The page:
Using Sound to Execute Commands Between Devices

What if your mobile device could listen to the world around you and activate actions based on your preferences? The actions could initiate a number of capabilities on your mobile device from displaying a map to executing a purchase transaction. If you own a smart phone, you are one of 45.5 million mobile consumers that have devices with the capability of processing sound signals. The device simply listens through the microphone, captures a sound signal then translates the signal into a digital signature which is used to lookup a corresponding command for that signature. This capability is perhaps one of the most seamless ways to interact with the digital world- no wires, no configurations, no typing… just listening. The opportunities are very exciting. As you work through the rushing ideas, you will begin to realize that many possibilities have been addressed by other means… but not all. Let’s explore some of the benefits and practical applications for this particular concept.

At this stage in our human-computer evolution, due to the mobility of computers, most of us may excuse ourselves from a social setting to interact with our devices in the middle of an otherwise social event. Some are even less well-mannered than that. I recall going to an Interactive SXSW conference the year after Twitter made its social media debut. What struck me most about that conference was how ironically anti-social some of the etiquette was. Online, real-time socializing seemed to be where the excitement was. Sure, most people were very friendly, but they were also frequently buried in their mobile devices attempting to stay connected. There has to be a better way to use your device more seamlessly in a social setting. For starters, imagine if you are at a conference like that and you didn’t have to type anything into your mobile device to register for a Twitter feed of a favorite presenter. Or, imagine sharing your contact information during a meeting with a new team, without Bluetooth configuration, using sound commands between devices- passively, as a matter of habit. You just saved a bunch of time without disrupting the social interaction.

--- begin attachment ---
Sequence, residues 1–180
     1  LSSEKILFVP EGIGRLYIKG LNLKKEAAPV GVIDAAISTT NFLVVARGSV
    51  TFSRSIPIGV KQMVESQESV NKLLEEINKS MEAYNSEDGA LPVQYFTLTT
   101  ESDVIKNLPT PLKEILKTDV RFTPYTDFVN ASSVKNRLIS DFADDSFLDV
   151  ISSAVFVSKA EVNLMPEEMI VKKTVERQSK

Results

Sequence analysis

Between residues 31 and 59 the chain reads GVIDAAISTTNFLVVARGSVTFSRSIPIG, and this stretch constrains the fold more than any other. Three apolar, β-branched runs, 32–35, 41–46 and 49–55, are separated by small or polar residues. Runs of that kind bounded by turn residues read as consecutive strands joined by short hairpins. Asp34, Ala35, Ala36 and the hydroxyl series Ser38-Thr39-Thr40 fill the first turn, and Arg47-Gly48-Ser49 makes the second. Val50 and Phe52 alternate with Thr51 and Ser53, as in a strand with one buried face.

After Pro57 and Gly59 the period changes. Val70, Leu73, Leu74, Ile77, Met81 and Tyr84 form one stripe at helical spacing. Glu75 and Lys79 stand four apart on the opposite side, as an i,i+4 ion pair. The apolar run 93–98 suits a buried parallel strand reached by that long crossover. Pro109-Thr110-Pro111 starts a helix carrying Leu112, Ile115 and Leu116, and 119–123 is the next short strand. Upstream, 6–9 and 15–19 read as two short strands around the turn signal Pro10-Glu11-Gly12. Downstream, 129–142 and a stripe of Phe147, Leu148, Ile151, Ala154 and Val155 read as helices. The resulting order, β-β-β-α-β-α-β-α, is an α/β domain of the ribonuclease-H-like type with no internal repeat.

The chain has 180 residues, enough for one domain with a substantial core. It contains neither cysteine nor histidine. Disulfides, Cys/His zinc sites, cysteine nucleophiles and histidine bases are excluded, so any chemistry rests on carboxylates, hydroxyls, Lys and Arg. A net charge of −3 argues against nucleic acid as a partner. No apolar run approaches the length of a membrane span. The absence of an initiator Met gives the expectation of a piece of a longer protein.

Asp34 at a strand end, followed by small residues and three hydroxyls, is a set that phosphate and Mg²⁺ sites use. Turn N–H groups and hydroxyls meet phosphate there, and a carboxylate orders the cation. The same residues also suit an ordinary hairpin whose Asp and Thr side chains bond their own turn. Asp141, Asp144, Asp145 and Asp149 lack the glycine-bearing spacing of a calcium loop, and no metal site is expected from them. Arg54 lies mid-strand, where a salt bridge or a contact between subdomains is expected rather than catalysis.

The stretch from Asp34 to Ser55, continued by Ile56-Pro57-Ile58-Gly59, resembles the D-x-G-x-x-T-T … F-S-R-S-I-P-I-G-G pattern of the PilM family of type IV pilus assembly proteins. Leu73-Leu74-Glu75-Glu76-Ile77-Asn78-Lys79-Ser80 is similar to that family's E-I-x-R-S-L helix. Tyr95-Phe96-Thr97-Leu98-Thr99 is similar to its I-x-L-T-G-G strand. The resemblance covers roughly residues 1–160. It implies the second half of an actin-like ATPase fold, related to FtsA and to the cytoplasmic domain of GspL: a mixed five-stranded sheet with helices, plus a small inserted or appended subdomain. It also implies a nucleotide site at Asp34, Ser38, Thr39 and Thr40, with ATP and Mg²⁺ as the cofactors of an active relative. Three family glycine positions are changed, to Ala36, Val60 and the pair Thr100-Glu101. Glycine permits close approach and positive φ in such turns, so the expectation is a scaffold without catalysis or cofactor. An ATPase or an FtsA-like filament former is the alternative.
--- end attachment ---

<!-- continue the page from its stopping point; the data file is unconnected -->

While there are many potential applications for mobile devices, including tablet pcs, the sound command paradigm may be best leveraged by a sort of broadcast scenario. A situation where you have a captive and targeted audience that may want to know more about what you are broadcasting. When you use this formula, the possibilities become a little more focused without straying into the paradigms already addressed by QR codes, SMS text messaging and Bluetooth capabilities. Here are some thoughts:

  • Radio – Synch the listener to related information of the broadcast, supplementing the experience with visuals.
  • Auctions – Synch the audience to additional details of a product on display.
  • Public Service Language Translation – Metro trains could broadcast sound signals that will render transit and location information on your device in your chosen language.

There are some really exciting opportunities to explore. While sound will not address all of our computer interaction deficiencies, it is a big step in that direction. Over time, I’m sure these capabilities will become much more robust and wide-spread. We’ve got a lot to look forward to.

Read the full white paper here.